2014 looks set to be defining for Air New Zealand, with an upgraded fleet and strategic alliance with Singapore Airlines likely to ensure it's profits continue to soar. Christopher Luxon sat down with Josh Martin in Doha.
Like any leader worth his salt, Air New Zealand chief executive Christopher Luxon is swamped.
Not only did it take an 18-hour flight to Doha to secure an hour of his time, our makeshift interview spot hidden down a Ritz-Carlton hotel corridor is not concealed enough to stop the barrage of industry executives and aviation consultants from cutting in.
He admits the situation is a little more exaggerated than usual. In Doha for the annual gathering of the world's airline bosses, Luxon has more than a few fans.
They want to know how his airline has continued its winning streak of a decade of profits and dividends despite a global recession, high jet fuel prices and a shrinking network.
"These 240 airlines look at us because Air New Zealand is doing an exceptional job compared to almost all of them, whether its customer satisfaction, company culture, or commercial performance," Luxon says.
The left-of-centre advertising campaigns, a hallmark of previous chief executive Rob Fyfe's era, remain. The controversial Safety in Paradise in-flight safety video featuring Sports Illustrated bikini models has 5.2 million YouTube hits and lead to a 124 per cent increase in web bookings from the United States. The video followed the airline's joint marketing of The Hobbit film franchise, which Luxon says helped boost traffic from North America last year by 13 per cent.
Air New Zealand's smart-casual service has become part of the cabin crew's trademark, but Luxon has some serious numbers on the bottom line to back it up.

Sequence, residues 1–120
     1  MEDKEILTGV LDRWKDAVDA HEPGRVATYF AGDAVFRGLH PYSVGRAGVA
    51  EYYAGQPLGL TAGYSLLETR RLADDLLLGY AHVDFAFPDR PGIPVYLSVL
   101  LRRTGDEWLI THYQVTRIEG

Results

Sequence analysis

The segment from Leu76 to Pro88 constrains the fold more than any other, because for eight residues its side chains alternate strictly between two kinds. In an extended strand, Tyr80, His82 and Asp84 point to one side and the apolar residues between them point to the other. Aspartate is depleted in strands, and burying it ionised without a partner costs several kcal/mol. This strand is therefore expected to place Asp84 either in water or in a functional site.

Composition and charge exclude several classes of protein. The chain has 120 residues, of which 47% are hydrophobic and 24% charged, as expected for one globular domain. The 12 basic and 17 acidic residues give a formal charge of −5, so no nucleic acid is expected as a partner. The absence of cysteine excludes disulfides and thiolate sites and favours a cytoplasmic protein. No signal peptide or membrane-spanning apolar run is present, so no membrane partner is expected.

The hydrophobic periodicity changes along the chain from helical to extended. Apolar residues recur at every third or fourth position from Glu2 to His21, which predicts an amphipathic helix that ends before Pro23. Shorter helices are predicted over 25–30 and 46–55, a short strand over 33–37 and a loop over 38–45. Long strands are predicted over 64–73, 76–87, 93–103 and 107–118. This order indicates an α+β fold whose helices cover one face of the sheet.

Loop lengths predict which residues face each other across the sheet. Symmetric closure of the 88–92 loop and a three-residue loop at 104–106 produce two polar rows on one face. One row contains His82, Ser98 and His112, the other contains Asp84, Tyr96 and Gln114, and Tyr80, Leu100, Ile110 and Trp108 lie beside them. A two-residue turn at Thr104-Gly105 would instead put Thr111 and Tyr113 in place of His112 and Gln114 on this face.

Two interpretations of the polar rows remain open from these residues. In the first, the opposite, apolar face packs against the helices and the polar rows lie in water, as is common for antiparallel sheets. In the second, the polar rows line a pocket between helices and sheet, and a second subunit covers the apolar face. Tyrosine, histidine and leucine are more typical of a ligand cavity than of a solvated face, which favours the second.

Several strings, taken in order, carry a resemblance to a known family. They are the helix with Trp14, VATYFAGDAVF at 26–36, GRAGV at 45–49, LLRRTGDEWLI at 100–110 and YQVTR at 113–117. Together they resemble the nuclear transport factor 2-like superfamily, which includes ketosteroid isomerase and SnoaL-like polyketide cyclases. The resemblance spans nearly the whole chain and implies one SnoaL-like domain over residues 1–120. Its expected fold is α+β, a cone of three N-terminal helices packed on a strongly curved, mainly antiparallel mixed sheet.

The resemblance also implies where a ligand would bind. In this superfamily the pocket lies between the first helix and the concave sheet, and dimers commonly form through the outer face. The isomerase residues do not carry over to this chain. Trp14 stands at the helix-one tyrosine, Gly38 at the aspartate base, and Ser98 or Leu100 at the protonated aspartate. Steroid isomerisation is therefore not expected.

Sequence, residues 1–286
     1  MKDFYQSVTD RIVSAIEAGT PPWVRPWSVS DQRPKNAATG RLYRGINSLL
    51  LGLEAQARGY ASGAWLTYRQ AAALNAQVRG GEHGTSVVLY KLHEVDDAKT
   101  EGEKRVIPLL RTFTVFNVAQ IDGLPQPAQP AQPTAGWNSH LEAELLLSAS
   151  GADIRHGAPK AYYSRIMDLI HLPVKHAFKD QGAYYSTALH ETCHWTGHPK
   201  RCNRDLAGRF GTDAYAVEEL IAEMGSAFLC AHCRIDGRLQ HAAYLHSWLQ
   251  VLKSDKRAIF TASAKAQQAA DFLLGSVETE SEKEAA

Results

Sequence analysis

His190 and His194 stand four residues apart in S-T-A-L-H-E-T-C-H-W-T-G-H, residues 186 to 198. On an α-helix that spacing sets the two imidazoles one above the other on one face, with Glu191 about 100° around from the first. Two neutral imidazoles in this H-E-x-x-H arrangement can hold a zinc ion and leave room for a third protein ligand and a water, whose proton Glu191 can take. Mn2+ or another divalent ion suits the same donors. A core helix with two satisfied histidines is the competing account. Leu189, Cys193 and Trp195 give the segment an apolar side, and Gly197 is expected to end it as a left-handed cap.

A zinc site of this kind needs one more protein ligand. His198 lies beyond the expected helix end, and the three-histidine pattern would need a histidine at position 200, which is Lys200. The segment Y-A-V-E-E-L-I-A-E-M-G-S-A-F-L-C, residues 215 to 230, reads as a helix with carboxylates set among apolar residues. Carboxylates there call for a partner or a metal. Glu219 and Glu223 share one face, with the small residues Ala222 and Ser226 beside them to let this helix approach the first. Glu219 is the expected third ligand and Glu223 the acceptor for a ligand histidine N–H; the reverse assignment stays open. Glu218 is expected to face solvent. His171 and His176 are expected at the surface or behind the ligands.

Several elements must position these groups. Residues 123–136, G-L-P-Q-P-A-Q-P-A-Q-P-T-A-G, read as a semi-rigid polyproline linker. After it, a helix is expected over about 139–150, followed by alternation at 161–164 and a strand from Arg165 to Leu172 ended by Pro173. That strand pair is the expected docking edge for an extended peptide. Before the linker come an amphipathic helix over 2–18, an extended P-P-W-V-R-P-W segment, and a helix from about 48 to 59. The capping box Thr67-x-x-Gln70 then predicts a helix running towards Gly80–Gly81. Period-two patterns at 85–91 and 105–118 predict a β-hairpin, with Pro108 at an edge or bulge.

Air New Zealand is one of only three investment grade airlines worldwide and it made a $140 million profit in the half year to December 31, up 40 per cent for the year-on-year period.
Since the Government sold down its 73 per cent shareholding in the airline to 53 per cent late last year, the share price has climbed from $1.65 to $2.20.
By contrast, its rival Australian rival Qantas lost A$235m for the half year and is in the midst of a A$2 billion restructuring plan, with routes culled and 5000 job losses expected.
Luxon refuses to kick Qantas when it is down. But behind the usual answer of "not thinking about the competition", and "staying focused on our own strategy", some competitive ruthlessness is revealed.
Through a brimming smile, when asked if Air New Zealand and trans-Tasman alliance partner Virgin Australia will capitalise on the financial turmoil of their much bigger rival, he said: "Well that's the aim isn't it? We want to see Virgin keep growing its market share in Australia."
Air New Zealand owns about 25 per cent of Virgin Australia and is its largest single airline shareholder alongside Singapore Airlines and Etihad. Each will take a seat on Virgin's board next month.
Luxon says the airlines will not push for a retreat by Virgin from the fierce seat capacity battle with Qantas in the Australian domestic market.
"We think we'll just let that play out," he says, "but it's been a pretty tough fight for both airline groups."